5201 Harry Hines Blvd., Dallas TX 75235, 214.590.8054
Thank you to Amy and Jay Novacek for their Leadership for this year’s Going Back to our Roots event. The Event Raised over $340,000. A huge success was the Kiss A Pig Stickers.
Over 900 people attended with Celebrities, Ryan Palmer, Johnny Quinn, Doug Free, Dixon Edwards, Roy Cooper and lots more enjoying the night.
Silent Auction use of a Cell phone system was also a success bringing in more than $12k more than prior year. Everyone enjoyed the laughing/rolling pigs at their tables. Thanks to all the Executive Committee, the Stars of Texas Society and volunteers who made this event possible.
The American Diabetes Association, American Medical Association and the YMCA of the USA Applaud the Introduction of the Medicare Diabetes Prevention Act
April 30, 2015
The American Diabetes Association, American Medical Association, and the YMCA of the USA applaud the introduction of the Medicare Diabetes Prevention Act (S. 1131/H.R. 2102). Sponsored by Senator Al Franken (D-MN), Senator Susan Collins (R-ME), Representative Susan Davis (D-CA) and Representative Peter King (R-NY), the legislation would provide coverage for the National Diabetes Prevention Program (National DPP) to Medicare beneficiaries at high risk of developing type 2 diabetes. Avalere Health estimates the legislation will save $1.3 billion over 10 years.
“Currently, half of all Americans age 65 or older have prediabetes and are at risk for developing type 2 diabetes. In addition, an estimated 10.9 million Americans over age 65 have been diagnosed with diabetes, a figure that will continue to increase if we do not act to prevent diabetes in this population,” said David G. Marrero, PhD, President, Health Care & Education, American Diabetes Association. “Providing coverage of the National Diabetes Prevention Program through the Medicare program will help reduce the number of beneficiaries who develop type 2 diabetes and its dangerous and costly complications, including cardiovascular disease, stroke, blindness, lower-limb amputation and kidney disease.”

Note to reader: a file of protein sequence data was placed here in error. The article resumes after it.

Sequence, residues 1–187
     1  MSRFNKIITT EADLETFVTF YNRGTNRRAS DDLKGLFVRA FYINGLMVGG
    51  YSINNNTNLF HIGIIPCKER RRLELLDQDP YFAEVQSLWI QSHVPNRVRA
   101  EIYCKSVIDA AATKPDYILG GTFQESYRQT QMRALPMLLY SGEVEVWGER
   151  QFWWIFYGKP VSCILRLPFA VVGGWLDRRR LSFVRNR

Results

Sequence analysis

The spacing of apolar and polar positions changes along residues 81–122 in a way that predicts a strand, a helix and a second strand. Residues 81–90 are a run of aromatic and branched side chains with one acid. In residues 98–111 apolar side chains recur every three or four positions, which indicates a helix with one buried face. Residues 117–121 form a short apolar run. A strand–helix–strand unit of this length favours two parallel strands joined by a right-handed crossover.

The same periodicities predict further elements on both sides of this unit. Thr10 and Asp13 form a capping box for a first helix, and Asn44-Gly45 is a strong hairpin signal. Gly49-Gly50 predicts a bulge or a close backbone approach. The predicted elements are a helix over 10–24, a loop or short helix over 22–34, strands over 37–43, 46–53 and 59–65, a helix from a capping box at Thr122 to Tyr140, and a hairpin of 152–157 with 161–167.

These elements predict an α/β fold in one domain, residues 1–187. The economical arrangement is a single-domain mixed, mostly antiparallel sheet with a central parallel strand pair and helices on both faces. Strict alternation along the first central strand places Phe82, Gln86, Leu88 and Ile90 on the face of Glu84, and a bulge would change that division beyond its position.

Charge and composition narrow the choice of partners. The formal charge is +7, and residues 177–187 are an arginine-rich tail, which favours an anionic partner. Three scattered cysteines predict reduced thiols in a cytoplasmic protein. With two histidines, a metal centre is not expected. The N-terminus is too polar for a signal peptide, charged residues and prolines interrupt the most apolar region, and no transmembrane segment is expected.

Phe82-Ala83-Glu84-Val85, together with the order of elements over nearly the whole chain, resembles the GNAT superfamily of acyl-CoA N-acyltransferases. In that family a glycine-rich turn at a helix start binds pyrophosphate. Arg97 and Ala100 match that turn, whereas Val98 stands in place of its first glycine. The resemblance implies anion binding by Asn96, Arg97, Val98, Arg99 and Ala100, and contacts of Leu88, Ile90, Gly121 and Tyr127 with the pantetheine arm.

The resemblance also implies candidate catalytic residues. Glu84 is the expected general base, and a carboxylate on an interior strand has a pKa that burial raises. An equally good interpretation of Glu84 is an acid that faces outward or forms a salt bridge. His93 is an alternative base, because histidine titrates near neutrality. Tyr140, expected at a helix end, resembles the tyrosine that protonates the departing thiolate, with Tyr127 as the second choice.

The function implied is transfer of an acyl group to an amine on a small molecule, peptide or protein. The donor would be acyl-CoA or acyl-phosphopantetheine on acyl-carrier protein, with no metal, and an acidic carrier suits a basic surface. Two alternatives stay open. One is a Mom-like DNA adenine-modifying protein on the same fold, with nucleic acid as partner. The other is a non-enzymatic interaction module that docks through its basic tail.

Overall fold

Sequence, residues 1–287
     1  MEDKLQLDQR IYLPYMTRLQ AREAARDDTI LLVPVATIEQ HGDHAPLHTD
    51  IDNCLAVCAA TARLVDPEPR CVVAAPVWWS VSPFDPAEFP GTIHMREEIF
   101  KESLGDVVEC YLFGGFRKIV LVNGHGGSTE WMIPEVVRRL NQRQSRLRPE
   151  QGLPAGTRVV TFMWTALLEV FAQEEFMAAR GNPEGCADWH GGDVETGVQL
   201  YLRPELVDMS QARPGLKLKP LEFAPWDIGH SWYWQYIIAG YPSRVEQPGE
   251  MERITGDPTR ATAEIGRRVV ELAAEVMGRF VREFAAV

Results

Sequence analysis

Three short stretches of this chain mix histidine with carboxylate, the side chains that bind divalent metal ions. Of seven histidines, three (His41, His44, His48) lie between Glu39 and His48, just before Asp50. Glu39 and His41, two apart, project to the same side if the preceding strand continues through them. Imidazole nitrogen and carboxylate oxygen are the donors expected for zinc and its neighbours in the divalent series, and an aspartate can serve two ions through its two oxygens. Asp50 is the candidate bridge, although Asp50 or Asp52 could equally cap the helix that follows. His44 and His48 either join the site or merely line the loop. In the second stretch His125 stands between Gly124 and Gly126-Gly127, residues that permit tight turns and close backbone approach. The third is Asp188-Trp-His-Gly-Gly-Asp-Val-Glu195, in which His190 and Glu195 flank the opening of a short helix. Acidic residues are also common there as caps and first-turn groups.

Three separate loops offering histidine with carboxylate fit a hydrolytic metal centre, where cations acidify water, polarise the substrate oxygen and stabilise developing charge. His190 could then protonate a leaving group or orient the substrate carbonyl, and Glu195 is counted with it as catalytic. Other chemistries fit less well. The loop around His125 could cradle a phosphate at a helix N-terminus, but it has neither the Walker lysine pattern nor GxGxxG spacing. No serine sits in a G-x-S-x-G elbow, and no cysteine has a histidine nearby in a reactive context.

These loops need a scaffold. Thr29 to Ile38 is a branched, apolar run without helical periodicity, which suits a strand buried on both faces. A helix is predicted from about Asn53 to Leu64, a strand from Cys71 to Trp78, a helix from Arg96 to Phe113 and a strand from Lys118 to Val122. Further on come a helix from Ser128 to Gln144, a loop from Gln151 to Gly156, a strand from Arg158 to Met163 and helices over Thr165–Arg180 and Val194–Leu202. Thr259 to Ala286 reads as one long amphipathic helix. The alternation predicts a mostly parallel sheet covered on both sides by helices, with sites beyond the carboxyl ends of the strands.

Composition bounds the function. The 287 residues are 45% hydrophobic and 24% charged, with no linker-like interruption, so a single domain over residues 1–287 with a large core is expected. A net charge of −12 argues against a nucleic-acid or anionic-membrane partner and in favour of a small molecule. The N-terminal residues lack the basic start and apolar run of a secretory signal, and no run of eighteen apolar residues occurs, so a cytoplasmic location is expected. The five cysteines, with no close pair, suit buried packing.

The program originated from the successful Diabetes Prevention Program (DPP) clinical trial carried out by the National Institute of Diabetes and Digestive and Kidney Diseases at the National Institutes of Health. The clinical trial found individuals with prediabetes can reduce their risk for type 2 diabetes by 58 percent with lifestyle changes including improved nutrition, increased physical activity and weight loss of 5-7 percent. The results were even stronger for seniors. Participants over the age of 60 reduced their risk for type 2 diabetes by 71 percent. Further research translating the clinical trial to a community setting showed these results can be replicated in a group for a cost of about $300-$400 per participant.
The Y offers the YMCA’s Diabetes Prevention Program – based on the federally funded Diabetes Prevention Program clinical trial. As of the end of February this year, the program had served nearly 30,000 participants at more than 1,150 sites in 43 states. “Through our work delivering the YMCA’s Diabetes Prevention Program in communities across the country, we know that individuals over 65 have outstanding weight loss and attendance outcomes,” said Matt Longjohn, National Health Officer of YMCA of the USA. “Providing Medicare coverage for programs like the Y’s not only saves the health system money, but it will ensure that more people will have the chance to improve their health and live longer.”
The American Medical Association (AMA) is partnering with the YMCA of the USA to increase the number of physicians who screen and test patients for prediabetes and refer them to diabetes prevention programs offered by local YMCAs that are part of the Centers for Disease Control and Prevention’s National DPP recognition program. “Prediabetes is a serious medical condition in our country that must be addressed. With more than 50 percent of America’s seniors currently at risk for developing type 2 diabetes, we must act now to ensure our nation’s seniors have access to these proven diabetes prevention programs,” said AMA President Robert M. Wah, M.D. “We urge Congress to join us in tackling this public health epidemic that continues to strain our health care system and act swiftly to cover these important programs under Medicare.”